The West Florida Public Library system got a Band-Aid yesterday for fiscal year 2013. Now the city of Pensacola and Escambia County must figure out a long term funding solution for the system.
“We still have a lot of homework to do on it,” City Administrator Bill Reynolds told the Pensacola City Council during yesterday’s special Committee of the Whole meeting.
The library system is jointly funded by the city and the county. Following the Escambia County Commission’s decision to decrease its funding contribution, the city—which manages the system—decided to cut hours and other expenditures, which led the county to further reduce funding so that it could redirect the money to restore hours at county branches. After some tense communique between Reynolds and former county administrator Randy Oliver, the city and county are now working together to find an arrangement that suits both entities.
Last week, the city was able to find $355,000 in its budget to put towards the library system this year, which will get the libraries back up to 87 percent of their normal operation. Reynolds and Mayor Ashton Hayward also met with incoming county commission chairman Gene Valentino this week, with both parties deciding to pursue an MSTU—a dedicated tax to fund the library system.
“There seems to be a lot of agreement that this was a workable solution,” Reynolds said. “This buys us a year—a year in which we can look at the the long term solution.”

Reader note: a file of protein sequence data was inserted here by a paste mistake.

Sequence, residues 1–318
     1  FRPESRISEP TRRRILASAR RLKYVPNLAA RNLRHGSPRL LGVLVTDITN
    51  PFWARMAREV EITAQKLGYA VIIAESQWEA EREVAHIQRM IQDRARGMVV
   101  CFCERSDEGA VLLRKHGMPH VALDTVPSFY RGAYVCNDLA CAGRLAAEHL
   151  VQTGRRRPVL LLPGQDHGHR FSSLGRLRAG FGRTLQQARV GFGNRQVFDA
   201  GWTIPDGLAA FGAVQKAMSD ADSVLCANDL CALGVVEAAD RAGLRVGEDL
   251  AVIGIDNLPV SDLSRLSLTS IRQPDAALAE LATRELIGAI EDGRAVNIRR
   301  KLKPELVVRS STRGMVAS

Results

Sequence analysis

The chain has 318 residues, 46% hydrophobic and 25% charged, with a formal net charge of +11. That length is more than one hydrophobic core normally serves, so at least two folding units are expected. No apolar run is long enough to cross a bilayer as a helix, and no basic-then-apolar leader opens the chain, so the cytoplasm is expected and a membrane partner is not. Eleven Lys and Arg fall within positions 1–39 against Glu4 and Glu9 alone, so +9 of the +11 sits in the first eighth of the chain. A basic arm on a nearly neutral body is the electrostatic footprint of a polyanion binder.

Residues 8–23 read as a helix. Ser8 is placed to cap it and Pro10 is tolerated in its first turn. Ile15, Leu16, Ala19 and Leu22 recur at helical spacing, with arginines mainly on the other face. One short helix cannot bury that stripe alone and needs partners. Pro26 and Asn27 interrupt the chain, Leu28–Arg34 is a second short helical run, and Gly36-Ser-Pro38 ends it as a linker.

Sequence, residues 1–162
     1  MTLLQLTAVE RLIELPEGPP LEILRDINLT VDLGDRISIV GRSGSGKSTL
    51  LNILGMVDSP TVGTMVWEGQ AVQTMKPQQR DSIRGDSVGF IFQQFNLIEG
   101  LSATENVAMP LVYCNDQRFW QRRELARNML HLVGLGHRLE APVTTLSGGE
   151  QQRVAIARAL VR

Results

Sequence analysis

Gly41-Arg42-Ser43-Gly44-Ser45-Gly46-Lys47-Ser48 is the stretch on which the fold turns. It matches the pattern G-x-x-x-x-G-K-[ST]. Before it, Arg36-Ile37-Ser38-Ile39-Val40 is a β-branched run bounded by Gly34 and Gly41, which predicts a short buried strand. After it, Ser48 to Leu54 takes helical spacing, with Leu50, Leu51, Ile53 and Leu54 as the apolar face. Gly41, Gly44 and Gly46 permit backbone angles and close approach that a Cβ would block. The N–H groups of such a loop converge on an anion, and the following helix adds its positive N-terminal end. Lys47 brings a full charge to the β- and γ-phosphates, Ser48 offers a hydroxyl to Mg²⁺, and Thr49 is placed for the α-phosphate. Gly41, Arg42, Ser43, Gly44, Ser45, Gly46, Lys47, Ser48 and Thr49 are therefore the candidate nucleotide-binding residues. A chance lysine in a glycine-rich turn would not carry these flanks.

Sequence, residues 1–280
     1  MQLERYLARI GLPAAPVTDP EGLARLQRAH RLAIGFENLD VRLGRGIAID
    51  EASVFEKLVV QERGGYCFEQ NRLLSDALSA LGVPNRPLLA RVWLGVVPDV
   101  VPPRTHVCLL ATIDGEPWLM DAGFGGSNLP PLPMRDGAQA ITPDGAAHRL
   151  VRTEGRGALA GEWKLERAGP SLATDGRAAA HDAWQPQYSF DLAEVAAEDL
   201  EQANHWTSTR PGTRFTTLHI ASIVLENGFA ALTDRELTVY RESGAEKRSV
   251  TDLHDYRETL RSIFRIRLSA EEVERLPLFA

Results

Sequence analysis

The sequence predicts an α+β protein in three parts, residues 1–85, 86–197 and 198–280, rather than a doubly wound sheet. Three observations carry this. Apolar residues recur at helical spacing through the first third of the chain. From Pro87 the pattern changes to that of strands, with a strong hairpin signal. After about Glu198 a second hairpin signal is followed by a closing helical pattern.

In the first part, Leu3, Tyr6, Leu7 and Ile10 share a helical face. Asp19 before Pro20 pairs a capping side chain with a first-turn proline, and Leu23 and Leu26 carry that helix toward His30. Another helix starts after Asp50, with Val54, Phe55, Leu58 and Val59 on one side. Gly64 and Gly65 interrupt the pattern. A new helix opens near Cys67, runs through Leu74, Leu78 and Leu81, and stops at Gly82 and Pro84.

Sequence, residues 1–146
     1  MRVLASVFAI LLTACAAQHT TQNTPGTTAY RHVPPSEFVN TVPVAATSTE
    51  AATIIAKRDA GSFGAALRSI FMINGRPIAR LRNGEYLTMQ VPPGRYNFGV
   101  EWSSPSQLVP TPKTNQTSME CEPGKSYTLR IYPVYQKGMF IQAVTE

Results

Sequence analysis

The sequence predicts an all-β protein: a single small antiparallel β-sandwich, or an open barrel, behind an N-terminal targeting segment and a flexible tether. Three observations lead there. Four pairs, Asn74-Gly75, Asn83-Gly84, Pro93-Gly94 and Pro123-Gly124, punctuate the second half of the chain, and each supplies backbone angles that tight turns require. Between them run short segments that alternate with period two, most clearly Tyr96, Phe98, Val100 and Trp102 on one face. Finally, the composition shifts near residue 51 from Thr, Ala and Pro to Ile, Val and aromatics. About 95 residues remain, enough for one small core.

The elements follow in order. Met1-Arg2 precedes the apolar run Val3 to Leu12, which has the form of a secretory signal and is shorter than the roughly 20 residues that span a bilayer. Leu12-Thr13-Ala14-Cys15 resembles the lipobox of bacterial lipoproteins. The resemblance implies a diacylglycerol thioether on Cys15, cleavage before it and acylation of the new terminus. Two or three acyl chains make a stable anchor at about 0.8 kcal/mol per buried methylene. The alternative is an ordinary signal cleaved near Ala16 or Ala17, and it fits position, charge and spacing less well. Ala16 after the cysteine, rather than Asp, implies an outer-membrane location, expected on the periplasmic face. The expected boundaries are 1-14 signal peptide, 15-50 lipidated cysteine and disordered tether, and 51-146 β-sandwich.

Because a county MSTU would not apply within city limits, Reynolds requested that the city council look at the issue. The council unanimously decided to slate a discussion for its Nov. 13 COW meeting.
Reynolds also told council that perhaps Escambia County—“the organization that has the most skin in the game, if you will”—might be the appropriate entity to oversee the library system. He also said that officials should look at an arrangement that places managerial responsibility with the library system’s board of trustees.
Also during yesterday’s COW meeting, the council decided to continue moving forward with plans to relocate the westside library—currently located in a Cervantes Street strip mall—to the new community center at Legion Field. Some residents have expressed concerns about the new facility’s location, contending that neighborhood children could not safely walk to the new library.
Describing the process of building the community center as one that “began many, many moons ago,” Reynolds implored council not to ditch the library’s inclusion. The council is slated to soon approve construction of the facility.
“You can put the brakes on this,” Reynolds told them, “at a significant cost to this organization.”
Councilman Larry B. Johnson wondered if the city could construct the community center as currently designed, without relocating the library to the building.
“Where does that leave us?” Johnson asked.
“Well, that leaves you with a large hole in your building,” Reynolds said.
Councilwoman Sherri Myers, who originally voted against relocating the westside library, said that she would like to see the citizens’ safety concerns addressed. She suggested installing a traffic signal on Cervantes, along with improving sidewalks en route to the new library. Reynolds referred to those concerns as “certainly something staff can take a look at.”
While they stressed to citizens at yesterday’s meeting that they sympathized with their concerns, council members decided to continue with the relocation plans.
“This train has left the station,” Johnson said. “We’re talking about breaking ground in two months.”
Some westside residents present at the meeting told council that they had voiced concerns throughout the planning process to no avail. Others said the city should have made more effort to inform and include residents that will be impacted by the relocation.
“The train had left, but we didn’t know anything about it,” Rev. Jerry Hunter told the council.